What caused the Greek export surge?
The regular reader of this blog has for quite some time been aware of the spectacular surge in Greek export. At this moment, people start to pose the question ‘what caused this surge?’. Low wages? Of all (average) EU wages Greek wages declined the most by a long shot (also on this blog). Or was it caused in a ‘modern’ way (well, modern – let’s say the post 1830 way), by investments in technology and production and organization and markets and people – a strategy favoured on this blog by commentors as well as bloggers? The verdict is out and could not be clearer – at least if the data are dependable. Ronald Janssen investigated the composition of Greek exports. And the surge is led by ‘Mineral fuels, lubricants and related materials’, about the most capital intensive sector you can think of. What we need, in the Eurozone, is not savings and cuts – but investment. Savers are afraid of the future. Investors create it.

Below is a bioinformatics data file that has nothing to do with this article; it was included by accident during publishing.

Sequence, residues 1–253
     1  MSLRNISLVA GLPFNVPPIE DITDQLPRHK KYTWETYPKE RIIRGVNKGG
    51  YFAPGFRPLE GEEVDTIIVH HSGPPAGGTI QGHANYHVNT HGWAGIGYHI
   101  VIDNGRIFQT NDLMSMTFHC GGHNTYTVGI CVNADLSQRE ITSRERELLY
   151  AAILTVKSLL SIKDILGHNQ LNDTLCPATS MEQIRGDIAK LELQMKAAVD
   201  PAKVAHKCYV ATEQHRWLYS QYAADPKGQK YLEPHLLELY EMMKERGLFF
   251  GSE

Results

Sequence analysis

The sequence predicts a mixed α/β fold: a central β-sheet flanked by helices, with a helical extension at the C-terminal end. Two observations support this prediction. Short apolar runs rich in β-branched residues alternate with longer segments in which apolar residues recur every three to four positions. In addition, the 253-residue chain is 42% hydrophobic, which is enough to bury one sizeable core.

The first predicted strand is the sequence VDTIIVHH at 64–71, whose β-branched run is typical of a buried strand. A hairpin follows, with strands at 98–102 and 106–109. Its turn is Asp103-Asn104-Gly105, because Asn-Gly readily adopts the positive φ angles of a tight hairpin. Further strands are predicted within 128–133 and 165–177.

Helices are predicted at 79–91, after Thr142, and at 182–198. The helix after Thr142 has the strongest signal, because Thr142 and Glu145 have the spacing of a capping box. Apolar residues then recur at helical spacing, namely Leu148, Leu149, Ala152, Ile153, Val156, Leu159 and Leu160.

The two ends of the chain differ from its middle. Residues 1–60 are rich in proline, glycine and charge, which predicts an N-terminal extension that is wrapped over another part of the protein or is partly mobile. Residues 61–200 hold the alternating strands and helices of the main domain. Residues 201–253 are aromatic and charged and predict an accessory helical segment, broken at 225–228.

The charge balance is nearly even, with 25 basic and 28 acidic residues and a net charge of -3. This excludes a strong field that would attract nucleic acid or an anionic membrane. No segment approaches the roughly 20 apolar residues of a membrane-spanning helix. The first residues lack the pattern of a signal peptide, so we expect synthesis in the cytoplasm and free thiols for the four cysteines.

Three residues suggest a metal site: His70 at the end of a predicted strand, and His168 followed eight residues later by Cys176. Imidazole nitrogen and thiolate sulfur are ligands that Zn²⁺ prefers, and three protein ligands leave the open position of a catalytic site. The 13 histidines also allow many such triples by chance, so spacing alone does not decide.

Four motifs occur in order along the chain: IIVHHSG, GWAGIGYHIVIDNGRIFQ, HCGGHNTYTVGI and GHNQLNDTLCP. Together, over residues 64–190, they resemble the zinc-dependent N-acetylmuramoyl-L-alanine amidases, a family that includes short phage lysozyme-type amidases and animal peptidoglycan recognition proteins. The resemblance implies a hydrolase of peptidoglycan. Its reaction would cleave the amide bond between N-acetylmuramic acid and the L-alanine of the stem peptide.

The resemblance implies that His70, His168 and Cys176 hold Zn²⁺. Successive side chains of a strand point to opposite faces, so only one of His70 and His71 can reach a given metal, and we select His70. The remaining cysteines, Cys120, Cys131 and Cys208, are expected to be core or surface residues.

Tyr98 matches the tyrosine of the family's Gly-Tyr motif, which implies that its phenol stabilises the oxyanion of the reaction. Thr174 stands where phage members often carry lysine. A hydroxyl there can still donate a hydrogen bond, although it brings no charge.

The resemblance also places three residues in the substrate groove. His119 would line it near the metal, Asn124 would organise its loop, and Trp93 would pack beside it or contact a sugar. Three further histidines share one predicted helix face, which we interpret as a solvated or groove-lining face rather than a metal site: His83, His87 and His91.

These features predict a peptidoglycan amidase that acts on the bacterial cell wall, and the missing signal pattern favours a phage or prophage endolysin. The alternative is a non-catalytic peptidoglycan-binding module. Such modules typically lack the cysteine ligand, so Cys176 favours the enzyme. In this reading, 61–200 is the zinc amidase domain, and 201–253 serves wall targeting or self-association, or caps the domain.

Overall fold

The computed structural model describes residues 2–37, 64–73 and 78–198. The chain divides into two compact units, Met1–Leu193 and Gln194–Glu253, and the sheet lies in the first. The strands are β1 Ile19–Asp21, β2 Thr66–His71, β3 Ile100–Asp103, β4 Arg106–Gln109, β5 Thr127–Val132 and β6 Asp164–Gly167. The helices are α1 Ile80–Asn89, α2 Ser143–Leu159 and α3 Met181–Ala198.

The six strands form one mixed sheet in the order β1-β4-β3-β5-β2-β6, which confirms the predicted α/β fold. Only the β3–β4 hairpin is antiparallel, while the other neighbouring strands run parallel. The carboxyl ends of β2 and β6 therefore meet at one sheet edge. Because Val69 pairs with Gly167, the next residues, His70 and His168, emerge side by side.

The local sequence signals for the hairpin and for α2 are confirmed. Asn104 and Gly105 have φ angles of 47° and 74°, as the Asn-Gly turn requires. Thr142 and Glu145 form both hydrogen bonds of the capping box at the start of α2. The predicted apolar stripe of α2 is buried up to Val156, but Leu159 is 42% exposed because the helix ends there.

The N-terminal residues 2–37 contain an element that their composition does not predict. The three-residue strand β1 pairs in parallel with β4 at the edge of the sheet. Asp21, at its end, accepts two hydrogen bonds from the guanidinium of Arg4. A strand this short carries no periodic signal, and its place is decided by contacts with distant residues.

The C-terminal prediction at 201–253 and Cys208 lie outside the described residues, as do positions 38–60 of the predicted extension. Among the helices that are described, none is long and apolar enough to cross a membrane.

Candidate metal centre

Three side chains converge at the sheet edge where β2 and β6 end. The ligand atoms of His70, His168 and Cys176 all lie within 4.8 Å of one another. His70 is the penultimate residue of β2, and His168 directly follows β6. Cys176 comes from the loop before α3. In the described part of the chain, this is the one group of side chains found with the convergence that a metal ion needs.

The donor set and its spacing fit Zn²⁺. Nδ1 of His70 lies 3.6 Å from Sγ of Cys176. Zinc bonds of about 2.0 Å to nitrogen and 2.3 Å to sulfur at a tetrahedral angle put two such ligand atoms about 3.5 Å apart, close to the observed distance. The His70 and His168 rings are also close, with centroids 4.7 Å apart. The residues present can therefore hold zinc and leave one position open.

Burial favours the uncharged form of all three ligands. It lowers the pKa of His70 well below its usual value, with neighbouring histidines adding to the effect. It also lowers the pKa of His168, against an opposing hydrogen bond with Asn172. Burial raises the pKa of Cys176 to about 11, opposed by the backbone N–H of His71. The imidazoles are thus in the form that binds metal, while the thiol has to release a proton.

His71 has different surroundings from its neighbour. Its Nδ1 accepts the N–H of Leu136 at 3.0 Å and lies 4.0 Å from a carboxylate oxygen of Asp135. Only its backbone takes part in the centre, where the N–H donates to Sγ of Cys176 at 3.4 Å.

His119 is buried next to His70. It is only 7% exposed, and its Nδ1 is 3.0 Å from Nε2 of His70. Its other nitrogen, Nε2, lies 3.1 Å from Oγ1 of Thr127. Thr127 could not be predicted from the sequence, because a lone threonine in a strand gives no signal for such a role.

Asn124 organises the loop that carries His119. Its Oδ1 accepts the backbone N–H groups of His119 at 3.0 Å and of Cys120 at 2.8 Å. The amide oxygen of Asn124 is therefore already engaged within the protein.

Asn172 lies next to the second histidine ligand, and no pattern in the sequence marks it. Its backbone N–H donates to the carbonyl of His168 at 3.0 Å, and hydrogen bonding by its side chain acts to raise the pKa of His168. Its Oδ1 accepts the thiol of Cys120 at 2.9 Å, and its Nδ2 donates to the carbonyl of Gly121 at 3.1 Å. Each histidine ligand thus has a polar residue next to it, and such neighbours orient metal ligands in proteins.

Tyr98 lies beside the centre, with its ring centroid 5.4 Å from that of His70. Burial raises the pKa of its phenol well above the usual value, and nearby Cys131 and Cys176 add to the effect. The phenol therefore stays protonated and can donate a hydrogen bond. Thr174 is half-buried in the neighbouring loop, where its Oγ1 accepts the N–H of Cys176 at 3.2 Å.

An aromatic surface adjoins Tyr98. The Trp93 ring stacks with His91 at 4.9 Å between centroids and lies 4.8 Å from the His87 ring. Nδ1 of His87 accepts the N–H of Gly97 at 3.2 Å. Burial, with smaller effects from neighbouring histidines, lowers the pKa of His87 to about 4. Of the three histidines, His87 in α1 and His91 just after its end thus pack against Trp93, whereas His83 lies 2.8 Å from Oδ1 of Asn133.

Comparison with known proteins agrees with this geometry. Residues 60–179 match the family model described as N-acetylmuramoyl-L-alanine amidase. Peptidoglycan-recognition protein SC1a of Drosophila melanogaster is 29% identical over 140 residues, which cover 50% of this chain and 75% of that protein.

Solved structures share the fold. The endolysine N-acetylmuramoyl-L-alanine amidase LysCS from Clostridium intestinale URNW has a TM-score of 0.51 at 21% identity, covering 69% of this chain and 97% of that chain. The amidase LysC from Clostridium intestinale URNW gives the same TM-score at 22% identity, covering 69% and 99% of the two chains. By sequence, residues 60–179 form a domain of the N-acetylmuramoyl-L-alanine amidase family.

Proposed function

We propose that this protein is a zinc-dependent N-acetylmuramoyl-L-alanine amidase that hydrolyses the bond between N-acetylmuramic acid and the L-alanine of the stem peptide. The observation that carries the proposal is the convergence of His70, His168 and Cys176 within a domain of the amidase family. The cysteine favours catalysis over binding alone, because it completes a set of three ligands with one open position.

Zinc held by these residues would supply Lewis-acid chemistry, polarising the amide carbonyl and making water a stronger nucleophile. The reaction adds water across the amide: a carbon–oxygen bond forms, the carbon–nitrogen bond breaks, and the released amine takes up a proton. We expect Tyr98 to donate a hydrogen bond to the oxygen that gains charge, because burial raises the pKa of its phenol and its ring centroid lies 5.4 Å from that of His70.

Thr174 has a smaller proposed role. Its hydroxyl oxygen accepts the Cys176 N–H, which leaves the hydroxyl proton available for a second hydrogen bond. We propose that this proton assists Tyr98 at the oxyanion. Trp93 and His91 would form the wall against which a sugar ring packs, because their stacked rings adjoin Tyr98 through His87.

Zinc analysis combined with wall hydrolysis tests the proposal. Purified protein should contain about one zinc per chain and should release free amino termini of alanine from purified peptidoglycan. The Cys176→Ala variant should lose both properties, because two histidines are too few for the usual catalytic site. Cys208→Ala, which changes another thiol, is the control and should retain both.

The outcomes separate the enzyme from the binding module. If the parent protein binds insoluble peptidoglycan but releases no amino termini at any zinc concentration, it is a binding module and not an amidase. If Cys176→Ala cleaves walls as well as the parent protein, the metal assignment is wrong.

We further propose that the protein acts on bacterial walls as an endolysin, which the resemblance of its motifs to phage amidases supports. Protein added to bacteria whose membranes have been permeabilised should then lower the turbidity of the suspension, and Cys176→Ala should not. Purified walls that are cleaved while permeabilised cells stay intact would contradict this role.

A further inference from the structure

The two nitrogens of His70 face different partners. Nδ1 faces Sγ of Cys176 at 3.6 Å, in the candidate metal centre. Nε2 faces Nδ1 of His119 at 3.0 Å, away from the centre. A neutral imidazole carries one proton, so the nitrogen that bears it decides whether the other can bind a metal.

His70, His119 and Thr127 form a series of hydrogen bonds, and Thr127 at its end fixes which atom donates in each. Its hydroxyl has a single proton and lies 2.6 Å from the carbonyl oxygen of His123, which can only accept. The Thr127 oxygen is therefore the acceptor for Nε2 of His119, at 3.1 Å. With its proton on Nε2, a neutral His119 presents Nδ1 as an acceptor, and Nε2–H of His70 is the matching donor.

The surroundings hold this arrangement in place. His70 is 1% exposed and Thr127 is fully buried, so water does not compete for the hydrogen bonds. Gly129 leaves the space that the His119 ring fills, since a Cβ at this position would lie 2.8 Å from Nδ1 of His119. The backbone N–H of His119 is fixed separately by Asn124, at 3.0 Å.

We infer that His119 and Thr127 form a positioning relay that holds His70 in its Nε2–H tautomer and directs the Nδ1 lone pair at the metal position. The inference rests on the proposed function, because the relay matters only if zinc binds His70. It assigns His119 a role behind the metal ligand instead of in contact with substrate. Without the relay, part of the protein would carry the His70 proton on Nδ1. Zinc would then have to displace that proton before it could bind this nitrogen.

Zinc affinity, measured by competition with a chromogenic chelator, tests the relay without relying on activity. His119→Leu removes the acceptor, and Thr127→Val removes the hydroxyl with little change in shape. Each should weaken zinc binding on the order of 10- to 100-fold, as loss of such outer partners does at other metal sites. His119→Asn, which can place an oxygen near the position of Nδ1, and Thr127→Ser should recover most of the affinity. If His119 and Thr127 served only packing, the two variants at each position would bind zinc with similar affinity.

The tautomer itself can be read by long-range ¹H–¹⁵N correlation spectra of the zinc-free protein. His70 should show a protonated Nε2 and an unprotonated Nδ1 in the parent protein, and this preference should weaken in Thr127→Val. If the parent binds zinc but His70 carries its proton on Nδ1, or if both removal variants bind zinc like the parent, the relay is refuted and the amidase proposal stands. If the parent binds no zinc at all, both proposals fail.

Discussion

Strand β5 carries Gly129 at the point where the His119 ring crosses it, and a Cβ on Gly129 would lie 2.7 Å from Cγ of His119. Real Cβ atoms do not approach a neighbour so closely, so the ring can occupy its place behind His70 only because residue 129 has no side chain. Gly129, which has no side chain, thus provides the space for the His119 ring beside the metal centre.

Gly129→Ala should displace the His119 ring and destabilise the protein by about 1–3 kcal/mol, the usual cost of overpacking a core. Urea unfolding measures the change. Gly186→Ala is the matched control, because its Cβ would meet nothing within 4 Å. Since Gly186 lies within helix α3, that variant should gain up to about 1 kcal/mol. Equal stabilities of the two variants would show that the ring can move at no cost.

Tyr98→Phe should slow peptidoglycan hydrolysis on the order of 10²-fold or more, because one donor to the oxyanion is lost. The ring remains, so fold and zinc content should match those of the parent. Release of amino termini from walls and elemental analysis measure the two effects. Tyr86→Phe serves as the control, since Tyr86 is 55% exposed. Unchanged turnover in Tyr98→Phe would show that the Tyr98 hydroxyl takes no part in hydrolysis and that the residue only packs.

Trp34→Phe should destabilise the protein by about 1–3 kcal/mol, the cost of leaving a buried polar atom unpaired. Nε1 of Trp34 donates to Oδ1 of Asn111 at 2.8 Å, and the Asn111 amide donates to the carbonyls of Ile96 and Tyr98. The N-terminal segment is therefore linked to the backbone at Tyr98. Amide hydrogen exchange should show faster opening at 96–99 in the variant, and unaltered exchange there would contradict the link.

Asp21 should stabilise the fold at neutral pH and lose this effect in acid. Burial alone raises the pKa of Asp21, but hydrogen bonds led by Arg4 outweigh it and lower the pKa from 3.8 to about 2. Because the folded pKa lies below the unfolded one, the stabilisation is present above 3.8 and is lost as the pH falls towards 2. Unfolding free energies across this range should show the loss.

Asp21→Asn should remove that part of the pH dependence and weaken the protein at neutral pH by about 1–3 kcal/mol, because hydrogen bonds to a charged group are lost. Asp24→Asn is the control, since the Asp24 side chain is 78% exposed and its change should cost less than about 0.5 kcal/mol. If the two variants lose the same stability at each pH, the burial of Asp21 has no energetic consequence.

Caveats: Ronald Janssen mentions the possibility that the data are not dependable, due to revisions. Total Greek goods exports are still very low, comparatively. They have to quintuple or something like that to pull Greece out of the crisis. That’s not impossible – but will require one or two decades. And the recent (August) surge in Irish exports is also enabled by capital and technology intensive production processes, not by low wages. Despite the surge and a large decrease in imports, Greece still has a sizeable deficit on the trade balance, though the services balance (tourism!) compensates for this, to an extent.